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The story beyond the booths' walls at Art Basel

From a painting once owned by Ernst Beyeler to an American soldier’s wartime memento, older works at the fair often have a rich history to reveal

Back in Basel

“I sold this to Ernst Beyeler in 1992 when I was working for Larry Gagosian, probably for around $550,000,” says Andrew Fabricant of the Sam Francis painting Why Then Opened II (1962-63). Beyeler is, of course, the legendary dealer who co-founded Art Basel in 1971, and whose Fondation Beyeler is one of Switzerland’s leading museums (it also has a stand at the fair, H1). The painting is now back in Basel. “It’s a triumphant return,” says Fabricant, a partner at Richard Gray Gallery (G5), which is offering the work for $6.5m. “It’s from the last series Sam painted, called Blue Balls, and it’s singular in terms of its colour and its condition,” he says. Fabricant begged the painting’s current owner—a private US collector—to let him show the work at Basel. “Sam has such a history in this town… he was painting as well as anybody alive in 1962,” he says.

Rockefeller’s largesse rewarded

Jean Dubuffet, Groupe de Quatre Arbres (Etat Définitif) (1970), Helly Nahmad Gallery, New York (H5). Photo: David Owens

The legendary philanthropist David Rockefeller was behind the 40ft Jean Dubuffet installed in Chase Manhattan Plaza in downtown New York. Rockefeller commissioned and funded the work, which was unveiled in 1972. Dubuffet, in thanks for his benefactor’s largesse, gave him a maquette, Groupe de Quatre Arbes (État Définitif) (1970), which is one-twelfth the size of the larger installation. It is part of Dubuffet’s Hourloupe series of forms—in this case, trees—realised as sculptural doodles. The work, which previously sold at Sotheby’s in 2012 for $782,500, is now on offer for $1.8m at Helly Nahmad Gallery (H5). 

Radical newborn

Egon Schiele, Newborn Baby (1910), Richard Nagy, London (H2). Photo: David Owens

Fresh from the exhibition Egon Schiele: The Radical Nude, held earlier this year at the Courtauld Gallery in London, this watercolour and pencil on paper, Newborn Baby, dates from 1910, and is part of a small series of around ten works depicting pregnant women and their infants. The Viennese artist had an obstetrician friend, Dr Erwin von Graff, who allowed him to make drawings at the University’s frauenklinik (women’s hospital), explains Richard Nagy, the founder of the eponymous gallery (H2). This drawing comes from a private US collector, who has owned the work “for quite some time”, Nagy says. It is on offer for $600,000.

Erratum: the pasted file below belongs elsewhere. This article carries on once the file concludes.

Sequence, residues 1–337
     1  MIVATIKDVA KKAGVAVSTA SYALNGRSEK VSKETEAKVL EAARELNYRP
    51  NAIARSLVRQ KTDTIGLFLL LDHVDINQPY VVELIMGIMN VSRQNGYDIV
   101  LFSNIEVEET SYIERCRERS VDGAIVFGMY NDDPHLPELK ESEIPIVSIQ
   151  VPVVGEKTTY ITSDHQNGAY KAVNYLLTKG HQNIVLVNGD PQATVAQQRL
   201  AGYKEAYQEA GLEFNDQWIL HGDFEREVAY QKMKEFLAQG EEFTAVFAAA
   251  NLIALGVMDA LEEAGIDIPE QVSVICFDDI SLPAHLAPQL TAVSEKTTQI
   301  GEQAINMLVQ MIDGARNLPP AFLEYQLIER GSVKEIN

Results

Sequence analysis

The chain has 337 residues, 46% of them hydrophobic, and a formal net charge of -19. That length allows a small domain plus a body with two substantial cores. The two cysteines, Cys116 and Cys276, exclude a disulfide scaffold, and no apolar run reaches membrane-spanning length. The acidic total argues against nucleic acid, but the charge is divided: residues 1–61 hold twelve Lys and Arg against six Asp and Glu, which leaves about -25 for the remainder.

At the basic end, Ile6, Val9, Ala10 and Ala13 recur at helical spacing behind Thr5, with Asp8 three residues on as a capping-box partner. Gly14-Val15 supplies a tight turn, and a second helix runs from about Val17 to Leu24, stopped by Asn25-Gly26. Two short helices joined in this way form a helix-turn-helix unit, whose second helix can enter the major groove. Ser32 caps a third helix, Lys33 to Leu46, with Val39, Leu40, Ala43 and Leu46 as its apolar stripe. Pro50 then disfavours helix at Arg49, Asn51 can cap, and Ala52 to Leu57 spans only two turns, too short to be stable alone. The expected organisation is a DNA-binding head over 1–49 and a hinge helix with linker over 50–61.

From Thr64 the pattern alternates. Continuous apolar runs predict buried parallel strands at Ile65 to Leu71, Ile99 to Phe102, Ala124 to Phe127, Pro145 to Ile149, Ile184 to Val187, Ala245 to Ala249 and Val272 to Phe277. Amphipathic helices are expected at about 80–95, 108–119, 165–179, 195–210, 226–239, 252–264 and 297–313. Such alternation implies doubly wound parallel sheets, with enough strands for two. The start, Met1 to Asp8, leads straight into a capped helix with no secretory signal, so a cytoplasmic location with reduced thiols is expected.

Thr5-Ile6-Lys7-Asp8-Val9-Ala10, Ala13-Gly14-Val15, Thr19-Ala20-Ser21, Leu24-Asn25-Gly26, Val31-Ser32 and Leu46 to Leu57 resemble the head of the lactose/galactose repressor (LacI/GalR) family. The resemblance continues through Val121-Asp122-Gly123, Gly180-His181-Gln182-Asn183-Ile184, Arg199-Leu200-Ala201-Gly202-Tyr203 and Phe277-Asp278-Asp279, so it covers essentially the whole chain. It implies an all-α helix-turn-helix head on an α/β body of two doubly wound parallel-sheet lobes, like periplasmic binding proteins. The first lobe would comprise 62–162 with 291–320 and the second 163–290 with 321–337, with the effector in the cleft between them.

G.I. war souvenir 

Heinrich Campendonk, Bayerische Landschaft mit Fuhrwerk (around 1918), Landau Fine Art, Montreal, Meggen (F8). Photo: David Owens

A Dutch painter associated with the German Blaue Reiter group, Heinrich Campendonk, was one of the many artists branded as a degenerate by the Nazis. On show at Landau Fine Art (F8), the painting Bayerische Landschaft mit Fuhrwerk was “bought by an American GI who took it to LA as a war souvenir,” says the gallery’s co-founder Robert Landau. “It was the only picture he ever owned of any significance. And, after he died, we bought it,” Landau says. The work, which is priced at $4.75m, is officially dated as 1917 but Landau believes it was painted earlier, in around 1914, because a study for the work was made in around 1912 or 1913. The inclusion of a waterfall in the painting also suggests an earlier date; Campendonk used to paint it with the fellow Blaue Reiter artist Franz Marc, who was dead by 1916, a casualty of the First World War. 

Abstract prototype 

Gerhard Richter, Zehn Farben (ten colours) (1966), Dominique Lévy Gallery, New York, London, Geneva (G14). Photo: David Owens

Collectors have been going nuts for abstract paintings by Gerhard Richter over the past few years. Since 2012, nine of Richter’s top ten auction records have been for a set for abstract works dating from between 1986 and 1994—including the most expensive work by the artist at auction, Abstraktes bild (1986), which sold for £30.4m ($46.4m) at Sotheby’s London in February. Those looking for an early prototype might want to head to Dominique Lévy Gallery (G14) where one of Richter’s first forays into conceptualism and abstraction is on show. The enamel on canvas work, Zehn Farben (ten colours), is one of the first colour chart paintings Richter made, painted in 1966. Based on commercial colour samples, the series was initially related to Pop Art but moved away from figuration towards abstraction through the 1970s, says Lock Kresler, a senior director at the gallery. The work had a $5m price tag and has been sold to a private US collector. 

Those looking to buy their own might head to Lévy’s London gallery this autumn. “We’re working with the Gerhard Richter archive to stage the first ever exhibition of colour charts, focusing on the 1960s,” Kresler says. The show will run from 1 October until January 2016.